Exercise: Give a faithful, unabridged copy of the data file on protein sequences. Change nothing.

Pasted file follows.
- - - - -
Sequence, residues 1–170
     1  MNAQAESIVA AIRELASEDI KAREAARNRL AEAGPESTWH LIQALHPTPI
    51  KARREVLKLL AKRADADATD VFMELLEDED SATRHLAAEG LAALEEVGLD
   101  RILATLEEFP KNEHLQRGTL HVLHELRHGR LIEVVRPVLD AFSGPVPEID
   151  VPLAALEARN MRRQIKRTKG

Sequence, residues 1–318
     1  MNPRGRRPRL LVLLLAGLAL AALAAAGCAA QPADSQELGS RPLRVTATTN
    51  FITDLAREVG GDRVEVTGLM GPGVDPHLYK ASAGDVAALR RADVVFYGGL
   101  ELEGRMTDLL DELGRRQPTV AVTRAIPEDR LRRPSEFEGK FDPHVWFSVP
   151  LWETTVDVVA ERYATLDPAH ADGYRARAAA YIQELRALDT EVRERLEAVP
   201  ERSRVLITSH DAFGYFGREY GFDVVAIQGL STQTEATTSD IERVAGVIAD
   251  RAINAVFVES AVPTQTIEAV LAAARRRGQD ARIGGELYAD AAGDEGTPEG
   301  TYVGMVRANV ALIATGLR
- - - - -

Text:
Sequence, residues 1–170
     1  MNAQAESIVA AIRELASEDI KAREAARNRL AEAGPESTWH LIQALHPTPI
    51  KARREVLKLL AKRADADATD VFMELLEDED SATRHLAAEG LAALEEVGLD
   101  RILATLEEFP KNEHLQRGTL HVLHELRHGR LIEVVRPVLD AFSGPVPEID
   151  VPLAALEARN MRRQIKRTKG

Sequence, residues 1–318
     1  MNPRGRRPRL LVLLLAGLAL AALAAAGCAA QPADSQELGS RPLRVTATTN
    51  FITDLAREVG GDRVEVTGLM GPGVDPHLYK ASAGDVAALR RADVVFYGGL
   101  ELEGRMTDLL DELGRRQPTV AVTRAIPEDR LRRPSEFEGK FDPHVWFSVP
   151  LWETTVDVVA ERYATLDPAH ADGYRARAAA YIQELRALDT EVRERLEAVP
   201  ERSRVLITSH DAFGYFGREY GFDVVAIQGL STQTEATTSD IERVAGVIAD
   251  RAINAVFVES AVPTQTIEAV LAAARRRGQD ARIGGELYAD AAGDEGTPEG
   301  TYVGMVRANV ALIATGLR